KORG Polysix keyboard repair

I found a great price on a KORG polysix but it needs some repairs. The seller has this to say about it:

“Vintage korg polysix analog synth in excellent condition. There are about 15 keys that do not connect or are only making proper contact some of the time. Some will work if you push them extra hard. Buyer will need to have that issue serviced by a proper tech. All synth functions work and operate as they should. Overall, this synth is great aside from the select troubled keys.”

It seems like it may be an easy fix. Do you guys sell any thoughts on this? Does syntaur sell any replacement products for the polysix? Could this be as easy as cleaning the contacts?

The main issue to watch for on a Polysix is damage to the circuit board(s) from a leaky battery. If it is working correctly, that’s a good sign - but once there is battery leakage, it can slowly corrode the PCB traces. So it may work fine now, but not in six months. I don’t want to be a nay-sayer - it’s certainly possible that the board could be undamaged, or it could have been damaged and then repaired, which is also fine. It’s a good question for the seller: Was there ever battery damage?

I’m gonna say that the key issue is likely very easily fixed. You might want to disassemble the keybed, and wash the contact strips in warm water with dish soap. Or you can slice up a Cap’n Crunch box, and likely get it fixed pretty easily:

If you need contact strips, we have very few available:

If the price is good, I’d jump on it. It’s a great-sounding synth, and I think your repairs will be easy.

I just finished to restore completely mine this summer including keyboard. I really love this synth but sadly the keyboard is not the best designed part. First the keys are flimsy, very “light” in touch and have an horrible springy sound when released. To have an access to the rubbers you’ll have to remove an incredible number of screws, take a lot of care with the plastic retainers/spacers that hold the pcb (they always want to jump and hide somewhere). At this stage … this is yet a lot of work so my advice is : go for complete restoration. I mean all the rubber have a thin carbon disc that makes the contact with the pcb that is more or less aged depending on use and the octaves. If they fail to make contact with the pcb even after cleaning with isopropyl alcohol (and lot of mine did) you’ll have to replace the whole raw of contacts and of course they are not all the same ! When i did mine no rubber strip was available at syntaur (i needed also some for a sixtrak that shares the same keyboard) so i went for the cheapest (and time consuming !) solution, i bought hundreds of thin carbon disks used to repair remote controllers and that have the exact same radius, and simply glued them on the existing disks with a very thin layer of glue. Then i bought a steel metal bar that i cutted in 3.5 cm strips that i glued under each key (beware with the black keys to not place them in the travel of the key guide before gluing !) . Then finally i took some thick natural wool and put a little piece thru each of the springs with a needle (always use a natural wool, felt, or subtance here because synthetic stuff will badly decay with time). Before putting all keys back again i reinstalled the rubbers and pcb on the key bed and connect it to the synth to verify that all keys are playing by just gently touching the top of the rubbers. If all is ok it’s time for final assembly !.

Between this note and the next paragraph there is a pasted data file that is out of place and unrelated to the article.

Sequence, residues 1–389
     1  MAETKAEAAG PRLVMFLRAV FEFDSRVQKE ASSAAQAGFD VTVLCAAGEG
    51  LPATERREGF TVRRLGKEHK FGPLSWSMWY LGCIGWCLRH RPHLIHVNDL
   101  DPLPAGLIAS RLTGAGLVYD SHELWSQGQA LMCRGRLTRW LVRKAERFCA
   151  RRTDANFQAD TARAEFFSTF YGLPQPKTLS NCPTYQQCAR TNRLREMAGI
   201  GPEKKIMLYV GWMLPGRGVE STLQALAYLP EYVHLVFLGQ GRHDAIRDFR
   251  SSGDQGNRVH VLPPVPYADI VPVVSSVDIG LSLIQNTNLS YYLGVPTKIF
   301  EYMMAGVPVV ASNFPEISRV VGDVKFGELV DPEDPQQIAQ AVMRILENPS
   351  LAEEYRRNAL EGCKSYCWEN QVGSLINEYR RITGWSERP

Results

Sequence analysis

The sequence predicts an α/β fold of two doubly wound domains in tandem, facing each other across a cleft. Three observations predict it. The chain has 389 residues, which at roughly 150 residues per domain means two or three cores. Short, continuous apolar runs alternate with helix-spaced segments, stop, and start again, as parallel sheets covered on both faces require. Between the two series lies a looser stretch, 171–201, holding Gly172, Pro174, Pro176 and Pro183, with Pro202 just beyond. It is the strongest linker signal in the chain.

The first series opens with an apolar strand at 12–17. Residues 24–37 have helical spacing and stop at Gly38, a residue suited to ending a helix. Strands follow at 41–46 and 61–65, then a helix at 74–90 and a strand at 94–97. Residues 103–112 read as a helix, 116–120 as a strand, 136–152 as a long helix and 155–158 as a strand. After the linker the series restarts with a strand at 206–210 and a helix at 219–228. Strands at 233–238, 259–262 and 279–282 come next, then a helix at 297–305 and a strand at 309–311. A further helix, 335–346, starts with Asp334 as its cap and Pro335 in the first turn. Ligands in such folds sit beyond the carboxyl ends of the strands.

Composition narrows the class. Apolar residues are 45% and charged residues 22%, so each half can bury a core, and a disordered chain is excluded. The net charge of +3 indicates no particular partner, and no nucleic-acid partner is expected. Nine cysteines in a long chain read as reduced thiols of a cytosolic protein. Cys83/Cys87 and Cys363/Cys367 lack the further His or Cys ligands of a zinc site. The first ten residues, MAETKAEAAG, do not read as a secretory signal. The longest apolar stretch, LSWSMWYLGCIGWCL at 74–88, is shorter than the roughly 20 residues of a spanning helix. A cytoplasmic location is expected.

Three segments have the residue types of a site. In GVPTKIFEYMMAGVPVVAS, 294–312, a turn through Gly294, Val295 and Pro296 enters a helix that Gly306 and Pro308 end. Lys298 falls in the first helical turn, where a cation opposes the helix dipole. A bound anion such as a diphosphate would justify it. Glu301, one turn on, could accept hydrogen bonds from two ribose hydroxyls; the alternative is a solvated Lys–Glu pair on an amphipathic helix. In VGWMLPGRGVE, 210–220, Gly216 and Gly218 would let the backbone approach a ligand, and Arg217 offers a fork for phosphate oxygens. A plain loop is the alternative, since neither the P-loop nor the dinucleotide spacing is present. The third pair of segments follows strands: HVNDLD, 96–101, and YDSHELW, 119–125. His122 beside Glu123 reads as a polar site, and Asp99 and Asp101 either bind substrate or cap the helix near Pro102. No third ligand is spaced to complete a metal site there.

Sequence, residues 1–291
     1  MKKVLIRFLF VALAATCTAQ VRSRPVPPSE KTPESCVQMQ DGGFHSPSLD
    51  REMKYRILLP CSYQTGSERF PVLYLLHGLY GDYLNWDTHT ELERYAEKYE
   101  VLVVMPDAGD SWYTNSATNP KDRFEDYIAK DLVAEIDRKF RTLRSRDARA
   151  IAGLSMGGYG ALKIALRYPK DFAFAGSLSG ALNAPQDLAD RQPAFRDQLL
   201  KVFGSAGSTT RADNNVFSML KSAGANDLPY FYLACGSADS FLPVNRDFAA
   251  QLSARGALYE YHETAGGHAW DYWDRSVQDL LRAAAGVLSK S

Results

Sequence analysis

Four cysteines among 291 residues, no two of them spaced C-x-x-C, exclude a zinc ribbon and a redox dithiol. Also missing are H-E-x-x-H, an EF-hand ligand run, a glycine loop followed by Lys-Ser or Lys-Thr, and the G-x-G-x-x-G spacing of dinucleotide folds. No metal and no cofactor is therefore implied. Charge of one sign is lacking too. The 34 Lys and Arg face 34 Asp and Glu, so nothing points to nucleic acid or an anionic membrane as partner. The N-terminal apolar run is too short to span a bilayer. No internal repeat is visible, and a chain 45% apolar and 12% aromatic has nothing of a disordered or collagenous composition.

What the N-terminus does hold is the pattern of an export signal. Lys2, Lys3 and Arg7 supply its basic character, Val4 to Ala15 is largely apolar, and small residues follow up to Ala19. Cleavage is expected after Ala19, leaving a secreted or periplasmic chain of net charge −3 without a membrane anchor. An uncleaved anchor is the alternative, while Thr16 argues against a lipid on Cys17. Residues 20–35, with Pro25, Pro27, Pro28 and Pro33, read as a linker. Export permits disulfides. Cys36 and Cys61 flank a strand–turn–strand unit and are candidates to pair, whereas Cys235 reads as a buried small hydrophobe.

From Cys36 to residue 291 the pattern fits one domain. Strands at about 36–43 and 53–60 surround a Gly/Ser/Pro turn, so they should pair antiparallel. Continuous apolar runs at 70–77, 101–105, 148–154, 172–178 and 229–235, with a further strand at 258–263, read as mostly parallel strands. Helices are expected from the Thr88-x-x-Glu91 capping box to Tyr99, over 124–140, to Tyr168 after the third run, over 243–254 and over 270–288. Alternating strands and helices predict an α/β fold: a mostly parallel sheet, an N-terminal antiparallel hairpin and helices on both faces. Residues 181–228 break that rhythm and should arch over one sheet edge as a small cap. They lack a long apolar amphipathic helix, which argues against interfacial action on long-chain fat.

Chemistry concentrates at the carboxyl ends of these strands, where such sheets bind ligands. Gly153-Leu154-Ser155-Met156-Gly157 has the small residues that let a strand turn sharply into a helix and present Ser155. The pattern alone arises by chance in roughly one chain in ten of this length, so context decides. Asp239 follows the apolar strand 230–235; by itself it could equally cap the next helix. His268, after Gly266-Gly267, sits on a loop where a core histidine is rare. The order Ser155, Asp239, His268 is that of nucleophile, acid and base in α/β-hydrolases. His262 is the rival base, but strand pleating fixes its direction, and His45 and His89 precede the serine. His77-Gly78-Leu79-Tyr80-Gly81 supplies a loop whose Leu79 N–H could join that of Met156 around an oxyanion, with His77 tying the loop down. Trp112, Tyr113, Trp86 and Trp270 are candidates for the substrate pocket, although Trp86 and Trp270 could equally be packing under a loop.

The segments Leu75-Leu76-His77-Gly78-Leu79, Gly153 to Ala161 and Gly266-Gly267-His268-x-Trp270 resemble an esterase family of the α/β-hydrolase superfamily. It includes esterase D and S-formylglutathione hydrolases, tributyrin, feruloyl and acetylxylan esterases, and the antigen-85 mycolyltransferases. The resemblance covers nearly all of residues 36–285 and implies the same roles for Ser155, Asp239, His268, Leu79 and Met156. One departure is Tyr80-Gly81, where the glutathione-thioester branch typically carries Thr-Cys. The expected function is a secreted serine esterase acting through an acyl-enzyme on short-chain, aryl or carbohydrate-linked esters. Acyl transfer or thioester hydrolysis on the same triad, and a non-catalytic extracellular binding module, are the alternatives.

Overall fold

The bushings (rubber parts restraining side movement of the keys) are prone to crackle and retract causing bad playing sensation and clacky flimsy keys. If the part is unobtainable i take cheap thermo retractible rubber tubes used in electronics and add a layer on the existing ones verifying that the key is still moving freely and more than one layer if the old bushing is gone. I add a little dot of silicon grease at this place when installing the keys back (always the black keys first !). At this time you can control and adjust the level of each reassembled key with a plier if necessary by pulling up or down the corresponding bushing on the keybed. All of this will take you more or less 2 hours but the final result is just awesome ! the keyboard is now very comfortable with the weight added, much more precise due to the new bushings and totally silent (no more ringy noise at the end !) … forever !
My special advice for this synth if job has to be done around PSU and CPU board (common issue) … install a kiwisix kit . I did it for mine and i have now hundreds of presets, total midi implementation and a much greater global use for live performances.